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77 of 87 people found the following review helpful By J. Hill TOP 500 REVIEWER on June 3, 2014
Format: Audio CD Verified Purchase
For our listening pleasure, Jimmy Page has decided to remaster the Led Zeppelin catalog, beginning here in 2014 with the first three albums, all being released today, June 3rd. Page has also dug through his archives and included an extra disc of bonus material for each album. I'm glad he did, because I've been meaning to replace my scratched-up, worn-out CD for awhile now, and a nice new remaster hits the spot. Out of the three, Zeppelin I probably has the widest appeal, and may end up being the most sought-after. For one, it has some of the most popular, well-known, revered songs of Zeppelin's career, including "Good Times, Bad Times," "Babe I'm Gonna Leave You," "Dazed and Confused," and "Communication Breakdown," among others. I don't know any Zep fan who has anything but praise for these classics, and the rest of the album, too, for that matter. These four men, Plant, Page, Jones, and Bonham, had a truly special kind of magic than shines through on this album, which has to be up there as one of the greatest debut albums ever, regardless of genre. I'm entirely pleased with the remaster, and I'm sure it's going to get worn out in short order.

As good as the album is, the real treat of this deluxe edition is the bonus disc. For many years, audio of Zeppelin's 1969 show in Paris has been floating around, and was considered a treasured chronicle of the band in its early days. Now, Page has decided to release it officially, and the sound is fantastic. I've been listening to it up against the sound of the older bootleg, and I think it's far superior. It's way more listenable, cleaning up much of the noise and muddiness from what's been available up to now. The drums are much improved, with a far more clear snare sound and the cymbals way more under control.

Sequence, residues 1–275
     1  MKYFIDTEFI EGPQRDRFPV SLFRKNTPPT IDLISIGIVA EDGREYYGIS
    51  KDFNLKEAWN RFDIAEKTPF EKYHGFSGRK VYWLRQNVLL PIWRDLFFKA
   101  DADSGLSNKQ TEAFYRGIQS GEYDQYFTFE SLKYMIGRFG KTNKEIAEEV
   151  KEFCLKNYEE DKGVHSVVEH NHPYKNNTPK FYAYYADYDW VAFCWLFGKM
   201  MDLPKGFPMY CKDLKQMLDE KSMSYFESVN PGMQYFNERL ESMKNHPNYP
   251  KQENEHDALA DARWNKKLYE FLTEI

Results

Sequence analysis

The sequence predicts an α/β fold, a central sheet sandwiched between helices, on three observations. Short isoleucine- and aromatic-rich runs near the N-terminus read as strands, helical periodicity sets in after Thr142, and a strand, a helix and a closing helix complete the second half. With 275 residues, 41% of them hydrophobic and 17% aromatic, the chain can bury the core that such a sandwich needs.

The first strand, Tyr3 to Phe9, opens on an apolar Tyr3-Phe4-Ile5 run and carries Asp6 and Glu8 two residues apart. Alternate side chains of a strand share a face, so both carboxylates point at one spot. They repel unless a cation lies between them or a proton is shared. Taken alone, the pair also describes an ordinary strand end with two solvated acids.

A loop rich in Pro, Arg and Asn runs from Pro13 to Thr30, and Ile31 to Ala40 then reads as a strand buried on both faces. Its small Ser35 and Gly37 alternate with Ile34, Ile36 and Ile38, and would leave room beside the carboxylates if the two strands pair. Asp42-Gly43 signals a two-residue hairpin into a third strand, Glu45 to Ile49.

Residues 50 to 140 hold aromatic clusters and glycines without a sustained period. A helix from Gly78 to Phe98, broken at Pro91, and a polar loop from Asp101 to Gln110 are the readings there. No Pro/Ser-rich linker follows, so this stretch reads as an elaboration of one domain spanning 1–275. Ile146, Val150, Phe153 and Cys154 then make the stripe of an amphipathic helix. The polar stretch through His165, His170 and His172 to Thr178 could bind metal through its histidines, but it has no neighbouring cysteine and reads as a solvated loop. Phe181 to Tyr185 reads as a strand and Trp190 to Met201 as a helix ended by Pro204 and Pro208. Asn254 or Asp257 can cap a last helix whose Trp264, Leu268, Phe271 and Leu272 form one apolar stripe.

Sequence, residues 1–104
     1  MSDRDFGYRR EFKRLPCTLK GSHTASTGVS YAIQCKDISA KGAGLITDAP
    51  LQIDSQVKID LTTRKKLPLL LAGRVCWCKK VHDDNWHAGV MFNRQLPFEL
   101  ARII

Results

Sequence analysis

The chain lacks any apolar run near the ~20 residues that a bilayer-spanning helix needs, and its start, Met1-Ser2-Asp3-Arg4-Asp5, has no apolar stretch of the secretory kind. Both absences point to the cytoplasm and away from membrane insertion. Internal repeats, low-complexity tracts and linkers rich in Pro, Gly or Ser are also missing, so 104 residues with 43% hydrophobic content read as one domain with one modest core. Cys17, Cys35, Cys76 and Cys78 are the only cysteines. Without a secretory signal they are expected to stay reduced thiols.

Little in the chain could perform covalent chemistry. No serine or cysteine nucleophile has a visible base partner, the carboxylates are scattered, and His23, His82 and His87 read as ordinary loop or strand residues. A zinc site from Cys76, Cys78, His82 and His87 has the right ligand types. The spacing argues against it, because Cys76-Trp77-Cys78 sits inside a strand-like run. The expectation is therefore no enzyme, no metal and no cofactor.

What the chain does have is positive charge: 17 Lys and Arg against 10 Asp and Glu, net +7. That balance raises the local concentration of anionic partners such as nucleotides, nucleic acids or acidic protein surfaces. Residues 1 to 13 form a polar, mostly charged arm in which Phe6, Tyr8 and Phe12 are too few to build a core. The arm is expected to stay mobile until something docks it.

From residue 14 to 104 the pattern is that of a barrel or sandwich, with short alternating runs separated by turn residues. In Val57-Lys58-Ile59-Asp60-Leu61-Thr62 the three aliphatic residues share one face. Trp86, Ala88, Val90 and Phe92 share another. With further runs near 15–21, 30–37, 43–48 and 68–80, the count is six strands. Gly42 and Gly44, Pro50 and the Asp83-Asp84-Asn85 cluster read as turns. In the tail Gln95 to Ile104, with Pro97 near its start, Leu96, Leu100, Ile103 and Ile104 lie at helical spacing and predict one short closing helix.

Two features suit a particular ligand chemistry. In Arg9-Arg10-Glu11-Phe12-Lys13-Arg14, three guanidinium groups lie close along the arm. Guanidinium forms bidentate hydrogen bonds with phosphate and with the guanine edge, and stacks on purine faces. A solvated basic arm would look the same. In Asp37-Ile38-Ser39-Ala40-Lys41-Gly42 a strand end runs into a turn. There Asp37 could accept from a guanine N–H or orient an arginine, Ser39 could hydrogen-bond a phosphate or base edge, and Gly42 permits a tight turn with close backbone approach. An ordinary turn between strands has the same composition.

Read more ›
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20 of 20 people found the following review helpful By Abner Doubleday on June 4, 2014
Format: Audio CD Verified Purchase
I am by no means an audiophile, but I've been listening to this album for over 40 years every way possible (vinyl, cassette, CD...sorry no 8-Track). I listened to the remastered CD with a good set of headphones and it felt like I was hearing the songs for the very first time. I've always thought previous Zeppelin CDs sounded muddy. The bass was buried under Bonham's drumming and the vocals seemed to get lost in the mix.

Not this version! The separation is amazing and Robert Plant's voice seems to float above the music like lightining. And of course Page's virtuoso guitar work shines throughout. My favorite is Your Time Is Gonna Come, hardly one of their big hits. Because the song features keyboards, acoustic and slide guitar you can really appreciate the remaster best on this song.

I've seen a lot of negative comments about the concert disc. It is what it is soundwise. But it is worth it just to hear the tremendous energy they generated on stage and I love how raw it sounds.

So if you are on the fence as to whether to buy the remaster, go for it!